We sat on stone steps on a secluded corner of campus, talking through a brisk and bright afternoon. I had to interrupt the very important conversation to Instagram a tree with sunshine lighting up every leaf.

We sat there for three hours, getting progressively more chilly and talking about all the things you can’t really get into at work—our families, his military history, my teacher/divorce meltdown, our imperfect and sometimes-intersecting paths to relative social awakeness.

But the topic that made him lose almost all of his nervous and relax into a curious smile, was confessing to him my various forms of sluttiness. His eyes lit up in a decidedly not-vanilla way as he asked me about Nude Years Eve and what BDSM relationships are like. I got his porn search terms out of him and told him my own. (Still lots-of-guys-one-girl; my time on lesbian island still hangs heavy.) He really wants to read my book, and he’s really not going to until we work in separate places. (It should come as no surprise to longtime readers that he’s got his firefighter’s exam coming up this weekend. Then he’ll know how to restrain AND carry people.)

There’s something about him that makes me lose all my filters (he has suggested that it’s my open heart) so I even told him that I’d had fantasies of dominating him that I’d already been sort of dominating him without meaning to. He said “I guess I’m so good at following directions that I didn’t notice.”

“Yes. You. Are.” I said in my best bossy/slutty voice.

Though he was still very clear about not being ready for things, he was sweetly curious and didn’t seem at all horrified. When I told him that the man for me would have to learn all his knots, he said “Oh, so it’s like scouts?” and I giggled for a long silly time.

Friends, it WAS chilly. After a little while of freezing and wishing I had socks on, I asked if I could sit closer just for warmth, and he said “I know what you really want.” And pulled my into one of my top ten favorite snuggles of all time. He put his arms around me and I lay my head on his knee.

“What are we going to do to make the world better, Ms. _________?”

I sighed a deep dreamy sigh and said “This is a good start.”

I felt as sunny and golden as the pretty fall trees. The horror and fraughtness and drama of the election fell away and I felt as warm and cared for as I ever have by a man.

            I asked where his nervousness was on a scale of one to ten (I was at zero.) He said he was at a four, but that was the world, not me. Then I confessed something I’d been thinking about hard for weeks, especially as I’d fretted about voter suppression dangers on Election Day:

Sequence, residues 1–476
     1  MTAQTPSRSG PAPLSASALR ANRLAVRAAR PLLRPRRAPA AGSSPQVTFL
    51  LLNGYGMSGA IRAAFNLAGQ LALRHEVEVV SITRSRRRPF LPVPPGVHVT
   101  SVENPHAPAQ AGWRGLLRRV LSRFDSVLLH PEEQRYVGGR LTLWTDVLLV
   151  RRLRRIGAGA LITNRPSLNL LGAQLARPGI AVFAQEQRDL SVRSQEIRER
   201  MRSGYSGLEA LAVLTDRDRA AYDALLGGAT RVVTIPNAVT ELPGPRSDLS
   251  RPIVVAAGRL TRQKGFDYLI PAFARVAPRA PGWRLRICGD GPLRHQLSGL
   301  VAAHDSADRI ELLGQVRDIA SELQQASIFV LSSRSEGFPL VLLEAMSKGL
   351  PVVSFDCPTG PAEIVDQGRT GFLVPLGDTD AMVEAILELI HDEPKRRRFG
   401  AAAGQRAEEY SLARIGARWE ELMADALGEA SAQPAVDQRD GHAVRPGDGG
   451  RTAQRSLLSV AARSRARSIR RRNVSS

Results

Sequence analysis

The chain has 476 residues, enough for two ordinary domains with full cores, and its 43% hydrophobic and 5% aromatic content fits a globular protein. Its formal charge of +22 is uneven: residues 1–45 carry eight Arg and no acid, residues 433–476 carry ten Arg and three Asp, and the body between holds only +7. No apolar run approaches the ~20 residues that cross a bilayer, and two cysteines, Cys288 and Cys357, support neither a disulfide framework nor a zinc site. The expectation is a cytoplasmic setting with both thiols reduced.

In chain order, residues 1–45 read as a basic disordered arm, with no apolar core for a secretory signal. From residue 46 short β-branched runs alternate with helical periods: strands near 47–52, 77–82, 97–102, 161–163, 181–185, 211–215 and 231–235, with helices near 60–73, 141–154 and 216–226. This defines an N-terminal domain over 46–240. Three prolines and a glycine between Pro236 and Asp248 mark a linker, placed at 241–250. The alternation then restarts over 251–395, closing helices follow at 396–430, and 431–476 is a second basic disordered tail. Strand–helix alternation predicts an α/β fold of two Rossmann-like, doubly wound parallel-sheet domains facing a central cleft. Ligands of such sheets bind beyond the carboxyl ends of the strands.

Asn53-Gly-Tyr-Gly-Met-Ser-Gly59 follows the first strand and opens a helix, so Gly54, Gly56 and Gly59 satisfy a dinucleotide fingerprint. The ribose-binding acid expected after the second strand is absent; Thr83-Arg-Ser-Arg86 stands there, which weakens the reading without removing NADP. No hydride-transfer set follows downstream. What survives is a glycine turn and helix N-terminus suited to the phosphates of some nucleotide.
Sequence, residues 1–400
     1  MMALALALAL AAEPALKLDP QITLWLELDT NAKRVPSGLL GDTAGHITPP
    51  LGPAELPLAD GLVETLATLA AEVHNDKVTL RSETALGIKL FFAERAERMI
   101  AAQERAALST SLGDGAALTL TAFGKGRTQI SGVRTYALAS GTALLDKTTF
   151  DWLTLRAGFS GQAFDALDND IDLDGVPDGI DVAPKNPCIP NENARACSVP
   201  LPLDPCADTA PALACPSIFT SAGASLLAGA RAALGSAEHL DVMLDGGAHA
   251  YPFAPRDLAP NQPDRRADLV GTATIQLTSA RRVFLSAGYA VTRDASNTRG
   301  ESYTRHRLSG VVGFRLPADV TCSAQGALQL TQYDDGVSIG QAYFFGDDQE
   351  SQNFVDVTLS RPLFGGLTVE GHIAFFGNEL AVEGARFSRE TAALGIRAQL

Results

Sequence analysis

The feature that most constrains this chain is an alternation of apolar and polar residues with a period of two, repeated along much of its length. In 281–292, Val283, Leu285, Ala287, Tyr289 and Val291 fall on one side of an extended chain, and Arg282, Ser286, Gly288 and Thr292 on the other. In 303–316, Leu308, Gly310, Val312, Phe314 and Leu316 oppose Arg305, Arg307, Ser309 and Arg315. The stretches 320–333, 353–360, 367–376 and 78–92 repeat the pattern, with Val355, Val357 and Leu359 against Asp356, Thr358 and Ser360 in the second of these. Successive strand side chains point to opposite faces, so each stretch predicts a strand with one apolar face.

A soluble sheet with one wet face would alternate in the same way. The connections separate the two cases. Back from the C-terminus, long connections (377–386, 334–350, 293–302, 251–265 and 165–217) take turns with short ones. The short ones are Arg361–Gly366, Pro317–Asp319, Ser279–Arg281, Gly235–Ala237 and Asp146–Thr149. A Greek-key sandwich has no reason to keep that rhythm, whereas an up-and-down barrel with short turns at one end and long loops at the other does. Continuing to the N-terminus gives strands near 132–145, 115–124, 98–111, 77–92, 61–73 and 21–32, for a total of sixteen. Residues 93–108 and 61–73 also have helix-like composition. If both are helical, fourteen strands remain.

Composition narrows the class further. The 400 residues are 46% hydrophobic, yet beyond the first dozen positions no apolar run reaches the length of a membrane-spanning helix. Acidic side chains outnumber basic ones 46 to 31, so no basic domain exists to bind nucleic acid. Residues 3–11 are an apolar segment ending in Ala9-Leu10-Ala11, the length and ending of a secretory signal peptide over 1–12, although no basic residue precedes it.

“You know you have a permanent human shield now, right?”

“Thanks,” he said, and I know it was a weird and maybe wrong thing to say, but I’m glad I told him. The world had just gotten so much scarier for both of us and I wanted to fight and scrape and elbow to keep him safe. I wanted to give him my whole body, my life. I wanted to be the sacrifice, to bleed in the dirt in hopes that things might be healed so that he and his family could walk around safe.

That’s love, I guess, and hopefully it isn’t too colonizing, but whatever it was it was way too much to be thinking about a thing that wasn’t even going to be a thing. Our not-date was almost over, the glow was about to leave us, and I never wanted to move from that spot. He traced his fingers over my shoulder, I felt his beard graze my hair, and I felt at once strong and all the way broken open.

“I’m just gonna be near you as much as I can.” I said, and I think maybe that’s what broke the spell.

Thursday, November 17, 2016

Supersweet Election Love Story: Part Four

It should be known that I’m typing this to Frank Ocean’s Pink + White. I need to pause this chaste and adorable love story to talk about the soaking wet underpants factor. Since Mr. Makeout Music and I first started talking, I’ve been more and more ready for him. I daydreamed a million ways to kiss him, to lock him in my office at the library and have my way with him. I wanted to push him, shove him, pull his hair till he whimpered. I used to be so annoyed by doms’ fondness for young women, but honestly I sort of get it. I want to protect him, coddle him, and make him bow down for me. That all of this squishiness and glimmer and push could have been happening in my heart and pants at a time when pussy grabbing child rapist Donald Trump was in my face all the time feels like a minor miracle and a clear sign of health and resilience.

Anyway, after our lovely and soothing Wednesday, I took Thursday off from the library to go to a #gophandsoffme demonstration—yelling and chanting with enraged ladies made me feel stronger and more centered. The next time I saw Mr. Makeout Music, he was at my other job. I was overjoyed to see him—we were finally alone! Even if I was still at work! The easiness of our library rapport eluded us and we were both nervous as heck. I joked that I was sitting at the register to avoid jumping on him in the bookstore office and he honestly looked like he wanted to hide. I could see how much he was afraid of disappointing me, and I could see all of his youth in his frightened-deer eyes.

When my relief came in at the bookstore, I told her that I was taking a LONG lunch, and she said “Take your time, he’s cute.” She knew I was bananas about him because she’d been witness to all of my semi-fretful putting on of lipstick between jobs.
 I’d made us a nice picnic—I figured we should be spoiled since America had just completely screwed us over. I liked getting a little Donna Reed Night for him.